A recent controversy instigated by the Pawtucket City Council betrays a shortsightedness that runs counter to the city’s effort to revitalize its downtown. City council members have proposed removing the leaky tower that rises above City Hall instead of repairing it.

Taking down the tower — a 1933 Art Deco landmark that decorates the building in which the mayor’s office is housed, a structure on the National Register of Historic Places since 1983 — would be a serious error in judgment, proof that the council members entrusted with the responsibility to promote and enhance Pawtucket have neither instinct for how to jump-start the local economy nor vision of what the city can become.


I’d contribute to a “Save the Pawtucket City Hall Tower” Kickstarter.

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383 West Fountain Street Renovations

383-west-fountain

Way, way, way back in 2005 in the UrbanPlanet days, Armory Revival had plans for a new building at this site. As with many things in the middle of the last decade, that didn’t happen. Fast forward to today though and Armory Revival is doing a nice renovation of the block.

From their website:

This quirky collection of one and two story brick industrial buildings is quietly being transformed into one of the busiest places in the city by The Armory Revival Company. The 40,000 square foot former Waterman Stables and Combination Ladder Company buildings, featuring fabulous skylights, exposed ductwork, wood beams, private entrances and flexible, efficient floor plates are being developed for a variety of office and commercial uses. Modest rents, abundant on-site parking and immediate access to Interstate 95, Downcity and the Hospitals make this Westminster Crossing location a fantastic choice for your business. 383 West Fountain Street is now home to the most successful Planet Fitness in New England and Riverwood Mental Health Services.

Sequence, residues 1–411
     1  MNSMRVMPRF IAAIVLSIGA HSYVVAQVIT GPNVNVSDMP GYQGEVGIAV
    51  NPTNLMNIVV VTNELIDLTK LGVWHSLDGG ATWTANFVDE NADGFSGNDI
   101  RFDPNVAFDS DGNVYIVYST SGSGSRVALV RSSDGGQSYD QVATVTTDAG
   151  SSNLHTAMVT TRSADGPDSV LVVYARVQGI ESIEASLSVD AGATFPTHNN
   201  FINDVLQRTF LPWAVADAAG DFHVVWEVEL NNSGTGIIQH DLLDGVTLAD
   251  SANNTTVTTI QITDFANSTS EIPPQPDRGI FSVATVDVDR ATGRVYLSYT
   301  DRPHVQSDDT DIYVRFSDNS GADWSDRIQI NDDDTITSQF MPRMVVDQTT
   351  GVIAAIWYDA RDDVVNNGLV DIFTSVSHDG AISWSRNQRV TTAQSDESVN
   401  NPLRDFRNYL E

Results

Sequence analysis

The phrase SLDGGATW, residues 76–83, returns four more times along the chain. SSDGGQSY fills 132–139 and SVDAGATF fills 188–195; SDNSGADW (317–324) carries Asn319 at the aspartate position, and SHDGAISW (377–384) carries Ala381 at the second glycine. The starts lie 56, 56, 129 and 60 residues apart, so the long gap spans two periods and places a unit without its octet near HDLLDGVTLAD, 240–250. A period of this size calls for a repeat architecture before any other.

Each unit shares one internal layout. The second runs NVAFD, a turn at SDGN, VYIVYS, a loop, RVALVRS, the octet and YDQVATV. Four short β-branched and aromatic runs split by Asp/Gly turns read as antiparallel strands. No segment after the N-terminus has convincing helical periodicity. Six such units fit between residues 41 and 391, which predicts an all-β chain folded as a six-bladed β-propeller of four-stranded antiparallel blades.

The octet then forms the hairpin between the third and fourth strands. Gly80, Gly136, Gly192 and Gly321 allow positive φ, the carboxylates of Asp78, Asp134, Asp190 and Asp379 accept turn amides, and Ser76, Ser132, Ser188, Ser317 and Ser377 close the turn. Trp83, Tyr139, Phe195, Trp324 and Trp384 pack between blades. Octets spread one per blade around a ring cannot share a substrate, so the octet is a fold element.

There’s a floorplan on the site which is a little hard to read as displayed, but you can get an idea of the building.

It is nice to see some action happening in what I like to call the Near West Side.

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Providence to Create New Historic Landmarks District

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Broad Street Synagogue from the Providence Preservation Society’s 2014 Ten Most Endangered Properties list. Photo by Jesse Burke for PPS.

As part of the Re: Zoning process, the City of Providence has designated a new historic landmarks district. Also, the City will remove buildings which have been demolished form the Industrial and Commercial Buildings District; which begs the question, why is there and ICBD if buildings in it are getting demolished? From the City:


City of Providence to Create Historic Landmarks District to Preserve Properties

New designation protects historic properties outside boundaries of existing historic districts; residents should seek designation by August 11, 2014

Mayor Angel Taveras announced today the City of Providence will create a new Historic Landmarks District to strengthen its preservation efforts and as part of the city’s Zoning Ordinance revision.

“We are working creatively to preserve Providence’s historic architecture,” said Mayor Taveras. “The new Providence Landmarks District will protect individual properties that having historic significance but that are not within local historic districts.”